Guilt and fear should have no place in our interactions with others when we talk about the gospel. Lawrence suggests that “Fear exists only if it threatens something we value.” Thus, if we value our self-image, we fear anything that will embarrass us or result in ridicule. If we value our friendship, we fear the possibility of losing a friend. If we value our religion, we fear anything that demeans it.”
The key, he says, is to focus more on our values than our fears and know that the best testimonies are often borne when the word testimony isn’t mentioned.
We can understand that while our friends may have many questions about the gospel, they may also have fears about religious discussions. Lawrence says, “There are many who are curious about the Church but may be afraid to initiate a conversation because they fear confrontation, pressure, entrapment, arguments, not having adequate responses to questions we may ask, undermined beliefs, hearing more than they expect or want to hear, a strained relationship.”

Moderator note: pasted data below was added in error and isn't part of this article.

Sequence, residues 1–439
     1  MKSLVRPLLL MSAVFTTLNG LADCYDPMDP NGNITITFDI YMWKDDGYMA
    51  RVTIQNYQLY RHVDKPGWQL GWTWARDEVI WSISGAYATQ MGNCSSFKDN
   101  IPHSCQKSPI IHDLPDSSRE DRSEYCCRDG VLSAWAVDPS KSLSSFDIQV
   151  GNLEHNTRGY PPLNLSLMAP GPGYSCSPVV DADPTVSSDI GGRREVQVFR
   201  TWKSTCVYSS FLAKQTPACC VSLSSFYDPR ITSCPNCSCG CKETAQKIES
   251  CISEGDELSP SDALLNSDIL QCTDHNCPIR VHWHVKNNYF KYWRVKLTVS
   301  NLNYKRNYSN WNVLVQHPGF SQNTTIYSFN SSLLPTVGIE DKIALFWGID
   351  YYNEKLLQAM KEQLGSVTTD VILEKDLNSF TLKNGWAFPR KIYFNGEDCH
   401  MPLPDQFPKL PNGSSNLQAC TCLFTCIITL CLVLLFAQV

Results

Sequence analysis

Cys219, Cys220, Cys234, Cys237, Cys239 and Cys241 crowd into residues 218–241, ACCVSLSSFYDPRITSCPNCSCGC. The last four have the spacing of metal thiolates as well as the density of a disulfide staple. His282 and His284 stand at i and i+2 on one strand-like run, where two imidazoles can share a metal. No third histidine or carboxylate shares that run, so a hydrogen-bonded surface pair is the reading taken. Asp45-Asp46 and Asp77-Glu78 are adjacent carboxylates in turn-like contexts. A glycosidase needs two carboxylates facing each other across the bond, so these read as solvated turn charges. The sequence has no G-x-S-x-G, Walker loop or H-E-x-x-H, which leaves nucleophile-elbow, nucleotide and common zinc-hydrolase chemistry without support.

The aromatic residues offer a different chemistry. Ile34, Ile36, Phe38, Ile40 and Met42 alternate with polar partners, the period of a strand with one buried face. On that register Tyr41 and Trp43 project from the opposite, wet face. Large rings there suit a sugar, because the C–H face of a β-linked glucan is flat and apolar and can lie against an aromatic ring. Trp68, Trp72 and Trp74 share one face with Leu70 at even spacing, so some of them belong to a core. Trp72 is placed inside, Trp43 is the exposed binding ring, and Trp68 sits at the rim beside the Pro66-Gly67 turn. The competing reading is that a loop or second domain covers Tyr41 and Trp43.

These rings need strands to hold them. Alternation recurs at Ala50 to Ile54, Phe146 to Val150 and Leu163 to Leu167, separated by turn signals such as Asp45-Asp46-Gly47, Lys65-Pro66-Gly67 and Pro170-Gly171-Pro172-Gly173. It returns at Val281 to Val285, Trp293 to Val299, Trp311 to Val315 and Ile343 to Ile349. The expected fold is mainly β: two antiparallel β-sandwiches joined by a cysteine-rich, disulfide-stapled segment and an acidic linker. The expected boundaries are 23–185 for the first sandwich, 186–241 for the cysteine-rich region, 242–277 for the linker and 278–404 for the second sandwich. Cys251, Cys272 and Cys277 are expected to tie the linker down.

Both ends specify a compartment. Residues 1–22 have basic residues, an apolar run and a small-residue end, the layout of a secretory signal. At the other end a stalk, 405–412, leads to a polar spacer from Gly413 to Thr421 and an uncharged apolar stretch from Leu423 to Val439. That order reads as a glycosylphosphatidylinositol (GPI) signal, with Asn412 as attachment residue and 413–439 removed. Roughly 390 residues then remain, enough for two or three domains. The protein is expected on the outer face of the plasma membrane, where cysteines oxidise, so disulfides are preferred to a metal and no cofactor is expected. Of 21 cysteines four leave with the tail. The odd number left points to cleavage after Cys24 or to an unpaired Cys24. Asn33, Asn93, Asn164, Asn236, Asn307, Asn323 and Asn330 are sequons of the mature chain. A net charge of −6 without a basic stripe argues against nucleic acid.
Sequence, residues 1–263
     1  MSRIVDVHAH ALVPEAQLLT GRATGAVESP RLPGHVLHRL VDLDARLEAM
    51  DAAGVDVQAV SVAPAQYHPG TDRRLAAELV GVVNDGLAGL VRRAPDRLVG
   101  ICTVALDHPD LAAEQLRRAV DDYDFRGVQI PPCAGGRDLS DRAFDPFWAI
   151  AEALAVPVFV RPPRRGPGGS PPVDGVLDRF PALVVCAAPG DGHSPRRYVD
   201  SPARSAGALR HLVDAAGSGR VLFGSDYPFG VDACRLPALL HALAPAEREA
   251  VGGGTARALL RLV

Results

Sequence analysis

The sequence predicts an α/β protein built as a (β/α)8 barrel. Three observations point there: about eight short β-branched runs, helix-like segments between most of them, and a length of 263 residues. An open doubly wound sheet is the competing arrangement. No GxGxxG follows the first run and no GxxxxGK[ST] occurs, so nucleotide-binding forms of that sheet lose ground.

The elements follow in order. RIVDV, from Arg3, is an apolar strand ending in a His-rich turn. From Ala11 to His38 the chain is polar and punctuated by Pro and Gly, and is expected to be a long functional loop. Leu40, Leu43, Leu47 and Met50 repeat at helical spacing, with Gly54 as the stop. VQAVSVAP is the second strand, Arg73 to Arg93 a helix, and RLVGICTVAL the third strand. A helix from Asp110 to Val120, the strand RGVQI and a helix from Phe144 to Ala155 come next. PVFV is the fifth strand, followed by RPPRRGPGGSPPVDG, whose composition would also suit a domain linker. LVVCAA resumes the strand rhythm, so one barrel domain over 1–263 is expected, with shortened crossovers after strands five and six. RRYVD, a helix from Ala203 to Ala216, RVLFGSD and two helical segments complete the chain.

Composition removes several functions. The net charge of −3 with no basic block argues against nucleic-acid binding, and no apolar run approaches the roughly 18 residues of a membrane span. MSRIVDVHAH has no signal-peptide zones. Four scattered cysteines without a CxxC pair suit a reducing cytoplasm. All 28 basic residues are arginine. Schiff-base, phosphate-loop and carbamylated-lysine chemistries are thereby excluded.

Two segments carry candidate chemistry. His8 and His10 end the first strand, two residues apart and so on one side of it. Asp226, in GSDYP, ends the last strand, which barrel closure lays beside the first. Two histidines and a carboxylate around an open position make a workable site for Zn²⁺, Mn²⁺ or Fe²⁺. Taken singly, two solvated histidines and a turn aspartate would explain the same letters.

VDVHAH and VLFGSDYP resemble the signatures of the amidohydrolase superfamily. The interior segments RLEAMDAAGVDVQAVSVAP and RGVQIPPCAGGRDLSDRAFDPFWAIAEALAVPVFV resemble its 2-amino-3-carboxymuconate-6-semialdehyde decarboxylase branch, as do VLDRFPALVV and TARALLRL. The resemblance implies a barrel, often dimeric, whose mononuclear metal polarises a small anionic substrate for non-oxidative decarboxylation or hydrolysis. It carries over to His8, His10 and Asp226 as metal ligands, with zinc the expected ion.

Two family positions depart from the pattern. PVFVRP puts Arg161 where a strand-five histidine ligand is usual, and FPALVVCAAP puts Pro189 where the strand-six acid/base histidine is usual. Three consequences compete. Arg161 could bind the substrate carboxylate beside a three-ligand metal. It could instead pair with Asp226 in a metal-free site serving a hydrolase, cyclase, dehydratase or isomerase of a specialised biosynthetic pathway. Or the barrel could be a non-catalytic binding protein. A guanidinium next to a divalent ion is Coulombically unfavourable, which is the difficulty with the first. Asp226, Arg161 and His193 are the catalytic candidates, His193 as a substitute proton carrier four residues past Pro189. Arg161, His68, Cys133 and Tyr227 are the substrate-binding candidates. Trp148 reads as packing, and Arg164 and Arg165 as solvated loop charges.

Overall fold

Lawrence said, “At the end of a focus group I conducted in Southern California testing a Church film, a young lady waited until the other participants had left and asked me if I was a Mormon. She then said she had Mormon neighbors that she was impressed with and wanted to ask them questions about their religion, but was embarrassed to do so. In other words, she was hesitant to initiate a conversation because she had the same fears we often have.”
We can eliminate fear and guilt if we redefine success. Lawrence makes several suggestions about what that might look like. “Success is living an exemplary Christian life. Success is mingling with new people in the community. Success is having a conversation. Spreading information is spreading the gospel. Success is correcting a distortion about us.”
Step Two: Think Simple
Lawrence advises us that in our talking to others we cut the jargon, because Mormon-speak is sometimes all but incomprehensible to others. For example they may have difficulty understanding the simplest thing we say, “The gospel has been restored, and the keys of the priesthood are again on the earth.”